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Can’t File Your Freelance Tax Return or Pay Your Tax Bill? Here’s How to Reduce the Penalties You May Owe

Not sure you can pay your freelance tax bill or file this year’s tax return on time? Like any taxpayer who doesn’t meet their tax obligations, you may owe a penalty. You may also owe multiple penalties, depending on your situation.

If any of the following situations apply to you, the IRS may charge a penalty:

  • Failure to file your tax return on time
  • Paying the tax you owe late or not in the right way
  • Not preparing an accurate return
  • Failing to provide accurate information returns

Interest may also be charged on a penalty if it is not paid in full. Many penalties are charged each month until the full amount is paid, which means they can add up quickly. This is why it is important to understand the different types of penalties, what you need to do if you receive a penalty notice, and how to avoid tax penalties.

Haven’t paid your tax bill or filed a prior year return? Watch your mailbox for an IRS notice.

When you are charged with a penalty, the IRS will send you a notice or letter by mail (Yes, that is right, they still use traditional mail!). The notice will include all the information about the penalty, the reason for the charge and what you should do next. An identification number will be included with the notice.

You should always verify that the information in your notice or letter is correct. Some issues can be resolved easily and a penalty may not apply as long as you can provide evidence to support your case. 

9 common tax penalties which may be applied to unpaid, late, or unfiled freelance taxes

There are several different types of penalties for which the IRS may issue a notice or letter including:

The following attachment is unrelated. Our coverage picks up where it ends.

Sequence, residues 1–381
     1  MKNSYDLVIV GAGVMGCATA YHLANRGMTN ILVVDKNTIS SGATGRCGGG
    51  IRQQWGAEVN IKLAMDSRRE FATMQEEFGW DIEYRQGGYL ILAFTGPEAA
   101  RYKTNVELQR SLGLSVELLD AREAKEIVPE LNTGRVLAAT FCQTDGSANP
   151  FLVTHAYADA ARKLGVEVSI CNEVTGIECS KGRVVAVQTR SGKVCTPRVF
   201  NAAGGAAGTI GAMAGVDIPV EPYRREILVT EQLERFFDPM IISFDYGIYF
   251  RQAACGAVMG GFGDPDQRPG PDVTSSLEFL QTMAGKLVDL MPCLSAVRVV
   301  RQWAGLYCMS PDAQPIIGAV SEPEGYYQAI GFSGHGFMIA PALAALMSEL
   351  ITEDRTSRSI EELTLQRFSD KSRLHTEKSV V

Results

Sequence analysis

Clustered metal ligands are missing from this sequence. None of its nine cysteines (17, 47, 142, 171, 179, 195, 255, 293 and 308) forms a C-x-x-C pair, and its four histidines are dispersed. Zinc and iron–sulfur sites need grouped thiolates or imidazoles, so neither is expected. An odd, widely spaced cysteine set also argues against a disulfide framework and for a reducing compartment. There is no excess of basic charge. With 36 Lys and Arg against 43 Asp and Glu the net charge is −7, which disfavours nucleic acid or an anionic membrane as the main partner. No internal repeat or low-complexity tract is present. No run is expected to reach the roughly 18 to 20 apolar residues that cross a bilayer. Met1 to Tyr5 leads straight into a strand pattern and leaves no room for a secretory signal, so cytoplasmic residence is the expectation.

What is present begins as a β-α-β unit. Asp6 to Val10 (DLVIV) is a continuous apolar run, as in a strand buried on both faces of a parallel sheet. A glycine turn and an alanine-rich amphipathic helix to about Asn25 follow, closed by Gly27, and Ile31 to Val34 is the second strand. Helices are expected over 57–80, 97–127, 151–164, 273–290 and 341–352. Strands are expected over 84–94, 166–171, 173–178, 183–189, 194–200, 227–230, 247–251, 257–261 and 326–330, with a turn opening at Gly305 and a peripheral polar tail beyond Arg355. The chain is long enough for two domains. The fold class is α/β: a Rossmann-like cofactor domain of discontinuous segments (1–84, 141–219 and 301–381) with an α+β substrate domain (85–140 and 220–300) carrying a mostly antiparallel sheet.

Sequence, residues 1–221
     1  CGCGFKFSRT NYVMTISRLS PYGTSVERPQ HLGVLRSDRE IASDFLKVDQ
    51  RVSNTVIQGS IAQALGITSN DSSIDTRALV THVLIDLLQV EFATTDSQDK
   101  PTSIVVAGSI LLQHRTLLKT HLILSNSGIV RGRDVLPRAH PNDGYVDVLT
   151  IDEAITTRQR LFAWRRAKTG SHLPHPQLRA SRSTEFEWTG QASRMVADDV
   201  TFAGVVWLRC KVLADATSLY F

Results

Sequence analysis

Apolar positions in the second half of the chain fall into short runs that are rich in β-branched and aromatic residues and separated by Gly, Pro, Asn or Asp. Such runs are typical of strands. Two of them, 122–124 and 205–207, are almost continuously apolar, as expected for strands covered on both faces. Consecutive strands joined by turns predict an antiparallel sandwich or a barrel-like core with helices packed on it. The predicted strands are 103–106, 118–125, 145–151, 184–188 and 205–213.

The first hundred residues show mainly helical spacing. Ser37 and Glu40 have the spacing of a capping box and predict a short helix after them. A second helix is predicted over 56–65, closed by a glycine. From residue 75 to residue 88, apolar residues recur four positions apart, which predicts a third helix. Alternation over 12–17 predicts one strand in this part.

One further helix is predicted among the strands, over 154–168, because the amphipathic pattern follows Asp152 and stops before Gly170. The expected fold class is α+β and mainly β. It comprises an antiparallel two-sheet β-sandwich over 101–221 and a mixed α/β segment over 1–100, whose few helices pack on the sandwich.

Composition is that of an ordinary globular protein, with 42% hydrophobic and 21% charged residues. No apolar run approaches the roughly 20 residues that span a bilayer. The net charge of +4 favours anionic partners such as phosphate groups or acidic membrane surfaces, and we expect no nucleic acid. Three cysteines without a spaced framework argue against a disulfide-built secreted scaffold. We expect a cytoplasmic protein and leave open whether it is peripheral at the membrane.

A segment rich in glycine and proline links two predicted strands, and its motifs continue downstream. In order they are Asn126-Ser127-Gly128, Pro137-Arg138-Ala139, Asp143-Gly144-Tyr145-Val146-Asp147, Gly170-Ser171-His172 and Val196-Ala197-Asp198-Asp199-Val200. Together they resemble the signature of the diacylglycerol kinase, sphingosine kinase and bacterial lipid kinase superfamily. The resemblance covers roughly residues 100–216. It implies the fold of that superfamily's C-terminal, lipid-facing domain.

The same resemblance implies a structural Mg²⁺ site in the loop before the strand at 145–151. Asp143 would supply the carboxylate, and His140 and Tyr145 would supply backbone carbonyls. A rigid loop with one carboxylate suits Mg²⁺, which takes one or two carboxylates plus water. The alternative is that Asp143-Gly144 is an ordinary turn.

• Information Return penalties apply to taxpayers who did not offer the correct or enough information on their return by the due date.
  • A Failure to File penalty applies to taxpayers who don’t file their tax return by the due date.
  • A Failure to Pay penalty applies to taxpayers who don’t pay the taxes owed by the due date.
  • Accuracy-Related penalties apply to taxpayers who don’t claim all their income or who claim deductions or credits for which they don’t qualify.
  • An Erroneous Claim for Refund or Credit Penalty applies to taxpayers who submit a claim for refund or credit of income tax that involves an excessive amount and reasonable cause does not apply.
  • A Failure to Deposit applies to taxpayers who don’t pay employment taxes accurately or on time.
  • Dishonored Checks can net a penalty when they are used to pay taxes but are  returned or dishonored by a financial institution.
  • An Underpayment of Estimated Tax by Individuals applies when taxpayers don’t pay estimated tax accurately or on time as an individual.
  • An International Information Reporting applies to certain taxpayers who fail to timely and correctly report foreign sourced financial activity.

Interest on penalties may apply to your freelance or gig economy taxes.